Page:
I laughed with delight. It was so cute! I smiled and thanked Michael.

The fact that he was making the connection to pleasurable things, rewards, compliments, and interacting with me and on his own in a whole new way, made me very proud.

He has been a lot calmer the last few days. I know at school there have been methods put in place to help with his anxiety, and as always, I highly appreciate the attentive staff who have listened to my input and been open to discussing everything with me.


Seeing Michael trying out new things, changing up the routine, was also good for me. It reminded me to try new things, pick up new interests and never shy away from “throwing things up in the air.” It’s hard to do sometimes being an exceptional parent, but I see it is mandatory as it teaches said exceptional child about changes, new interests and helps them develop new behaviors. So I have started branching out as a speaker, organizer of events in my Mommy groups, and even with my writing, trying out a whole new genre, fantasy/horror writing!

In what ways do your Exceptional Children throw you curve balls, Exceptional Parents? How have they made you open up more to the world? If you haven’t yet, don’t worry. Tomorrow’s another day to get that sticker for doing a good job, trying out another way to ease anxiety, and just breaking out of your comfort zone. It’s hard, but it’s like when that caterpillar transforms into the butterfly. It’s scary at first until it feels its wings and then flies into the air. Until next time.

The Importance of Love and Acceptance


Michael is full of surprises. Sometimes they have been stressful surprises, but lately there have been more happy surprises thankfully. And one of these happy surprises was him shocking me by doing something I have been telling him to do for some time: clean his room and the toys in his playroom. In a twenty-four hour span he took care of both rooms, putting me to shame with his ordering of the rooms. My office is in shambles, not to mention other rooms that I tackle when I get around to it. Writing for a living is enjoyable, hard and time-consuming work. I am learning how to slowly delegate and ask for help. But Michael truly amazed and surprised me by cooperating in doing what he was told.

It has been such a chore these past few months getting him to listen, follow rules. There has been testing, challenging behavior, questions about everything, with why being a favorite word. The other day I felt so bad at the relief I felt when he was safely on the school bus on the way to school. Phew! I wouldn’t have to field any more “why” questions, protect the cat from his “love” and over-exuberance” and could enjoy some quiet. Having a social, talkative and anxious boy around some mornings is daunting for this non-morning Mom. What works is if I wake up earlier and get caffeinated in order to more fully engage with Michael who is “on” the second he gets up. I love him and wouldn’t change him for anything in the world, but he comes with his challenges. Still, I see with his recent behavior, he so wants to please, and I think he thinks I will love him more if he outdoes himself with doing tasks. I must have unintentionally sent this message, so today I was praising him for listening, while at the same time reminding him that I love him no matter what.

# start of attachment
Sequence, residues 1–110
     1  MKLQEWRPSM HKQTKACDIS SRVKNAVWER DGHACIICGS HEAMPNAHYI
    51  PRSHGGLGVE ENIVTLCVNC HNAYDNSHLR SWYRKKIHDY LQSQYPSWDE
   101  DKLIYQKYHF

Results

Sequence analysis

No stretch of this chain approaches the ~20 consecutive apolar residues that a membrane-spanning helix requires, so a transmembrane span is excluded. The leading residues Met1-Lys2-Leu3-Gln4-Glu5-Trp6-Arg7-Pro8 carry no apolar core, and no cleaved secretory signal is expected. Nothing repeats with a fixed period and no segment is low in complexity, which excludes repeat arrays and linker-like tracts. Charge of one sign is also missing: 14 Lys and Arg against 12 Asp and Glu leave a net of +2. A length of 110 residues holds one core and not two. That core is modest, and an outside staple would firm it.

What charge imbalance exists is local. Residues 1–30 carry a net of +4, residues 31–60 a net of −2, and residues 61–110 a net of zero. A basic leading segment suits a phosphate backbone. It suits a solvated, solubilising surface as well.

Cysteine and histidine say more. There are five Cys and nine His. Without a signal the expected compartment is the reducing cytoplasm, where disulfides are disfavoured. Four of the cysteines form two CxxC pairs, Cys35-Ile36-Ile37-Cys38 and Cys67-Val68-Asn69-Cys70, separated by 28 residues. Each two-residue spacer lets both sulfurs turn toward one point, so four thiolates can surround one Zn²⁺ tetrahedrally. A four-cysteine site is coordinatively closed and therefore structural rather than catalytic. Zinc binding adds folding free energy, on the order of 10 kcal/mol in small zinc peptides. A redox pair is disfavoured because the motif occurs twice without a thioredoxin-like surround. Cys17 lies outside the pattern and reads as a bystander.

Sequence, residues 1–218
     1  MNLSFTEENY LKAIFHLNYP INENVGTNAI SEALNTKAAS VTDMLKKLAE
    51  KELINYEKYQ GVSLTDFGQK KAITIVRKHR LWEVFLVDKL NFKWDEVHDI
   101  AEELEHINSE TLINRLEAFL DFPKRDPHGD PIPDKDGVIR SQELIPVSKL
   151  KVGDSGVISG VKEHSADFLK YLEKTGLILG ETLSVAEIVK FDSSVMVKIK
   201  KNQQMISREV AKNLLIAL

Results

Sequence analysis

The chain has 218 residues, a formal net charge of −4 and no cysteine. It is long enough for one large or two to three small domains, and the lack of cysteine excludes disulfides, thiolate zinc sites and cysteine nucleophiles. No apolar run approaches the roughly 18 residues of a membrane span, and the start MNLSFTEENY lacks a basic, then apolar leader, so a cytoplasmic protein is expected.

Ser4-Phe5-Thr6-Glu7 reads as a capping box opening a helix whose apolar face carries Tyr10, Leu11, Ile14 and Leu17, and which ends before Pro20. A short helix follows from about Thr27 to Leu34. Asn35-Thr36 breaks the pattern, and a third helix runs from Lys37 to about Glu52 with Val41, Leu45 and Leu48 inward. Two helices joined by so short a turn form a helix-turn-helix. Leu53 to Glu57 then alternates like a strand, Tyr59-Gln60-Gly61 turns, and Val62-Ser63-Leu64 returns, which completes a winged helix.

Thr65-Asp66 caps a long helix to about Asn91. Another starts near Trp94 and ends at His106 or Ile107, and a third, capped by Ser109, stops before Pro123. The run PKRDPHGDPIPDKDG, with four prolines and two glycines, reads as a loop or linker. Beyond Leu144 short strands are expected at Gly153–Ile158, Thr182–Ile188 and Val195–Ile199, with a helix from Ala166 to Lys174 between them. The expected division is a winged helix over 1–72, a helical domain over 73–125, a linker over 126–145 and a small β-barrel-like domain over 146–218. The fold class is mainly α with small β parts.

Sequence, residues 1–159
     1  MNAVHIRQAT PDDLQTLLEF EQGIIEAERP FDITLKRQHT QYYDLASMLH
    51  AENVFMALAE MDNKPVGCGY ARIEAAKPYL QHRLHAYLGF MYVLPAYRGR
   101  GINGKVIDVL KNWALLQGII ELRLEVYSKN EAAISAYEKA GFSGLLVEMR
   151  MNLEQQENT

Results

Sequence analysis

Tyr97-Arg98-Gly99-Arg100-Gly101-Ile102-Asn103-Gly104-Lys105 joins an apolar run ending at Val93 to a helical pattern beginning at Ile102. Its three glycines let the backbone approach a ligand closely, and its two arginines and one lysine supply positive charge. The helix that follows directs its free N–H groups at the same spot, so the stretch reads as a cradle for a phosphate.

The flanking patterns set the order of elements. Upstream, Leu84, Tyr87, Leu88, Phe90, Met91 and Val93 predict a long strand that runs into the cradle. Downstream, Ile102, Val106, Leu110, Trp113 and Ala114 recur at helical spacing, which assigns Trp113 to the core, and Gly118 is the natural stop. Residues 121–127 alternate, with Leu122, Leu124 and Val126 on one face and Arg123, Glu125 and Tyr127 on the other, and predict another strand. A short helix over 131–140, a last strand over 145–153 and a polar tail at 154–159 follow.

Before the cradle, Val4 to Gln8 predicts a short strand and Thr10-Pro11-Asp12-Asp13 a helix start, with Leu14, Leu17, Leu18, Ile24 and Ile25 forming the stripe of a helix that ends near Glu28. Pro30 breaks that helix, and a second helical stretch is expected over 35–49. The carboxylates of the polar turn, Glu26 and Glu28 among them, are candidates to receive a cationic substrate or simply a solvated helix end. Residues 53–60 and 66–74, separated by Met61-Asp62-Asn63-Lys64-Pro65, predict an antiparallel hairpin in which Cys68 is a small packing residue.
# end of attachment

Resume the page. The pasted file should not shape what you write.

“You love Mommy, right? Even when you’re mad at me, you still care about me, right Dude?”

“Yes, Mommy.”

“Well that’s the way I feel about you.”


“You’re the best Mommy God ever gave me. I love you.”

“And I you.”

We have had our fair share of conversations that went totally opposite to this one. The other night he was so mad at his father that he started hurling insults, every bad word he knew. Eventually when he ran out of them, he started saying “you apple, you orange.” Then he began to laugh. That’s when I knew he was ready to talk, apologize and ask for forgiveness. And his father was able to meet him there and tell him that he accepted and loved him for who he was. We all make mistakes. It’s important to acknowledge that, learn from it, and move on.

Michael has taught me how I have looked all my life for acceptance, love and credibility, usually when I already had it. My self-esteem was not too strong, and it took years for me to see I was worth everything my loved ones said about me. I see that with my newfound self-love, I must teach Michael to see that in himself, as those that care about him see it in him.

Exceptional Moms and Dads, how many times have your Exceptional Children not felt accepted by you, by others? Have they voiced it to you? If so, you know how to start to fix the problem. Praise their efforts at cooperation, but also find ways to tell them you love them no matter what else happens. Respect, love and kindness must be shown to all, but as everyone makes mistakes, show them how to forgive and forget too. Only in this way can they learn how to lead happy and healthy emotional lives. Until next time.